MSDW breeds new runner in the fund management stakes
Almost four years after its merger with Dean Witter, Morgan Stanley's new-look asset management division is finally taking shape under Mitchell Merin. Bringing the cultures of disparate investment houses under one roof has involved asking headstrong individuals to embrace a team ethic. The new beast may have the potential to achieve its aim of being the world's number one fund manager in all asset classes. Even Europe and Asia, which have so far resisted its advances, could yet succumb. However careful jockeyship will be required to keep star managers happy and the charge on course. Later this year the Morgan Stanley name will oust Dean Witter yet it is Dean Witter alumni who hold the key positions, both in the investment division and in the Morgan Stanley Dean Witter group at large where internal divisions have started to surface. Merin and his team talk exclusively to Julian Marshall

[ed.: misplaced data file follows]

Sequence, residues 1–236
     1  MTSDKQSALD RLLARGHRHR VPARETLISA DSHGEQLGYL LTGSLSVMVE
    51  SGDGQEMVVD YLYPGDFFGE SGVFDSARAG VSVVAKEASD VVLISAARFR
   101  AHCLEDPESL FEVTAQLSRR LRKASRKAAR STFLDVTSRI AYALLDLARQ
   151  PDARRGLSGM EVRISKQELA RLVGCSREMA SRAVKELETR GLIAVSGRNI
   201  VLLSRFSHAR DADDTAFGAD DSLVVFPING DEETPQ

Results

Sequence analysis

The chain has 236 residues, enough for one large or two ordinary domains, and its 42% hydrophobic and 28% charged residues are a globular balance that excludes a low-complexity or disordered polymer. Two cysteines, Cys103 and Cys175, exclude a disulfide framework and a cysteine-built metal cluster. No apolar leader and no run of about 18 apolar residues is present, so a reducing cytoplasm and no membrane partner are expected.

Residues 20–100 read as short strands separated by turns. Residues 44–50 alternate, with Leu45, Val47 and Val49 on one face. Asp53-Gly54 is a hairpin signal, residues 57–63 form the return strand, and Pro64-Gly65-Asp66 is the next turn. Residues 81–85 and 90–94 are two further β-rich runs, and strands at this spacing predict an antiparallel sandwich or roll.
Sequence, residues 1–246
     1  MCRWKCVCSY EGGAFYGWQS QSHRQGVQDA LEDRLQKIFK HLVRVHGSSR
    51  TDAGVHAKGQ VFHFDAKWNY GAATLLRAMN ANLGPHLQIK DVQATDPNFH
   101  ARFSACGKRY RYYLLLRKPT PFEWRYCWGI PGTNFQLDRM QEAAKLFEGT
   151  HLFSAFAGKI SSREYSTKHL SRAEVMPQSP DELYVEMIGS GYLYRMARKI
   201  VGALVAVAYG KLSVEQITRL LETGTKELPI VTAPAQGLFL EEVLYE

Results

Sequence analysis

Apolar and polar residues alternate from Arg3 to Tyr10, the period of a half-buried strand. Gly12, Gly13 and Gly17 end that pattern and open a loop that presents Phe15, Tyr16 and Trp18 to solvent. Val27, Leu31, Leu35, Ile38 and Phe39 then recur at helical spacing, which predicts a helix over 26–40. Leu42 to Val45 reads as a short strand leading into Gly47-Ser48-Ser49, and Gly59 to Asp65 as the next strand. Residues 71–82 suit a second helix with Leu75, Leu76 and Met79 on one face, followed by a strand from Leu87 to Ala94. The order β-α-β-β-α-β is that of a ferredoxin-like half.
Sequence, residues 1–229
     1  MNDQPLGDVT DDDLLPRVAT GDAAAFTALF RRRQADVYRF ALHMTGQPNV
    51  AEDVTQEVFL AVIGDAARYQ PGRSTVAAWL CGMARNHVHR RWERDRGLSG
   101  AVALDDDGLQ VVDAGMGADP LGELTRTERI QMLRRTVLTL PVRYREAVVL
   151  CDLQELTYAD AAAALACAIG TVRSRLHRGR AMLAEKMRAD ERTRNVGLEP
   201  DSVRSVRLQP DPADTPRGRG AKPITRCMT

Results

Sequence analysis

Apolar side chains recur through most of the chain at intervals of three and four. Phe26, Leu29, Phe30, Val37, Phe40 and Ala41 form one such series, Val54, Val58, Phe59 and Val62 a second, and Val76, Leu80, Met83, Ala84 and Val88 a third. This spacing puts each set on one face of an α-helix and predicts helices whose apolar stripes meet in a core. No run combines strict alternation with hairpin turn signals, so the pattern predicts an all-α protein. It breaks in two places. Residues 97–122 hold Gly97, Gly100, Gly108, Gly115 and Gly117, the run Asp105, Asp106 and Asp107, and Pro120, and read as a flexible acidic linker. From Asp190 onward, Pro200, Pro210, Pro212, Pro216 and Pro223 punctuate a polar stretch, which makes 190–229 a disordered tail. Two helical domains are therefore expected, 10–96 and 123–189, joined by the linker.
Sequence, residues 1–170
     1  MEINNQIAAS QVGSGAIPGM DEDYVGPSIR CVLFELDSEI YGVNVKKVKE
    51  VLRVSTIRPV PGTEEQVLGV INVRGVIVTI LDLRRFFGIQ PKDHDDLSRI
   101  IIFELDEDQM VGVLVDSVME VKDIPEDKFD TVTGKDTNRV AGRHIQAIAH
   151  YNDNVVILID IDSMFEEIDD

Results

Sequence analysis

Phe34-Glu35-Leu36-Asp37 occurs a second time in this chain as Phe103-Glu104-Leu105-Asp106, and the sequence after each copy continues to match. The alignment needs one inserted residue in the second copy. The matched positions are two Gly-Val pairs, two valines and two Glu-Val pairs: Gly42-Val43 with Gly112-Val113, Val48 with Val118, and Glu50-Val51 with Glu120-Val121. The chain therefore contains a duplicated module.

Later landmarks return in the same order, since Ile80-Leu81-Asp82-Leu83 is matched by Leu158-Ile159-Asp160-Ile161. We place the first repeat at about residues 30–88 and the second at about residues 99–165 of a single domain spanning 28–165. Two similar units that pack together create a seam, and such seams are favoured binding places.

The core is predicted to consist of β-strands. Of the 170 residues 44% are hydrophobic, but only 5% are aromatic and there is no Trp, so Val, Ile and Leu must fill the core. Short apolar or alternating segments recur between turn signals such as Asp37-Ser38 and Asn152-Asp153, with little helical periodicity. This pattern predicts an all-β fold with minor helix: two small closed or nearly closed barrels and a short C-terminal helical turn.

After trying to be in four places at once, Morgan Stanley’s chief investment officer, Joseph McAlinden, is looking forward to moving to a permanent base, on the Avenue of the Americas. The foreign language challenge for New York
Morgan Stanley is making its latest attempt to woo UK institutions with the launch of its new multi-asset-class product.
From his office on the 66th floor of Two World Trade Center, Mitchell Merin has a good view on the world. Beyond downtown Manhattan, the Statue of Liberty and Ellis Island offer inspiration to the head of Morgan Stanley Dean Witter’s asset management business, should he need it, as he contemplates just how far he has brought the business and where its future lies: outside America.
Late in 1998 Merin was made president and chief operating officer of the group’s asset management division and handed the task of unifying a four-pronged business. It comprised Dean Witter’s and Morgan Stanley’s funds, together with the Miller Anderson & Sherrerd and Van Kampen houses, which Morgan Stanley had bought not long before the Dean Witter merger.